13. Hi Tam, I do not feel the SiO2 is a major issue here. I believe the culprit of your issues is NTS (as I call it)... New Tank Syndrome... and this is why I believe this to be the case: You added fish in just 3 days. Even if you did jump start the "N" cycle... and even if your water is 32C, the nitrosomonas and nitrobactors would still require 8+ days to cycle from NH3/20mg NO2/50 NO3/150 to being a safe, cultured bacteria colony. I note you did not supply ammonia readings. Being the initiating and most toxic water parameter of the nitrogen cycle, in my view, is the highest needed water test and ought be essential in your test kit bag. Being in Vietnam, I assume your water temps are very warm this time of year... perhaps 26-30 Celsius. You also state a pH of 7.8 and O2 of 8mg/l Ammonia presents itself in 3 different forms, according to the pH. At 7.8pH, ammonia presents as NH3-N, the most toxic form. Additionally, and unfortunately, the toxicity of NH3-N increases exponentially as the water temps rise above 20C. New, un-established bacteria are more susceptible to NH3-N toxicity than many fish... Thus, the system/s are in bio-overload from week #1. Mortality due to "N" cycle & NH3-N has several very common, visual signs. Due to burning from MH3-N, visual signs can be as minor fraying of some or one of the fins .. though to severe bleeding into the rays, skin, gills and eyes. Additionally - all external soft tissues, mucus membranes, eyes, gills and anus may show the same degree of visual variance, from mild burning to severe cellular bleeding. Also additionally - NH3-N mortality in established bio-systems presents slightly differently than it does in newly setup systems. In established aquaculture systems, NH3-N moralities effect a very high % of the total stock, it does so very rapidly... and all carcasses present with equal visual appearance. In new systems, the week and stressed get burnt - the healthier show resistance.... after a day or three has passed, those initial week burnt fish now have visual bleeding, burning swelling, fungus and bacterial issues... while those fish with initial resistance now begin to succumb and initial burning and bleeding begins. Thus within 5-10 days you can have a situation where moralities present in many different manners, and different stages of toxicity exposure... exactly like you photo. Some (most ?) fish appear to have very little visual signs (visually non-advanced), where as the main fish in picture shows every sign I have mentioned (visually highly advanced). So, what is a suggested avenue of mitigation ? 1. Water changes only reduce the concentration - not the toxicity. You need to lower the toxicity levels by lowering your pH closer to 7.0, and continue water changes. 2. As counter productive as it may sound, the addition of salt to the level of 2-3mg/l has huge benefits... far too many to add to this response. (search this forum) 3. STOP FEEDING THE FISH FOR 4 DAYS !!! Mortality during this period is 100% NOT due to starvation... it is 100% due to everything I have mentioned thus far. 4. Do Not Feed the Fish ! Correct - do not feed the fish until moralities stop. (especially for new systems) In an uncycled system, feeding your fish when the water is already toxic is equal to adding petrol to a fire. Sorry I didnt have more time to be more detailed in my response. Cheers Toga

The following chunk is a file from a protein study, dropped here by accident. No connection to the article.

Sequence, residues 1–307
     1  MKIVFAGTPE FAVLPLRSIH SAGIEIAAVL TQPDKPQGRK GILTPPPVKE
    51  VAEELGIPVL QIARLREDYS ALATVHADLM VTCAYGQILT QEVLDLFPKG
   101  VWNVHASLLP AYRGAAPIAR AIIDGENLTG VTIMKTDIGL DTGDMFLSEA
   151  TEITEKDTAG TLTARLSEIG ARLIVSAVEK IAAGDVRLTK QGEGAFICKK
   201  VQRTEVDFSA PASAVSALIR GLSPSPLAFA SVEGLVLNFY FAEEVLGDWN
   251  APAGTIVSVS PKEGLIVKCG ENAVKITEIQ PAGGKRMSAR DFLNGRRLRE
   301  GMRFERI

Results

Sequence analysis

14. Happy New Year, Ande and everyone
  15. Hi 2savage Welcome to APN. Sounds like you are already on a great path. Ive some great childhood memories from the lakes area. I was born in Horseheads but moved to Oz in '75.... most of my older siblings went to Cornell Uni. Keep us informed on your progress mate & good luck. Cheers Toga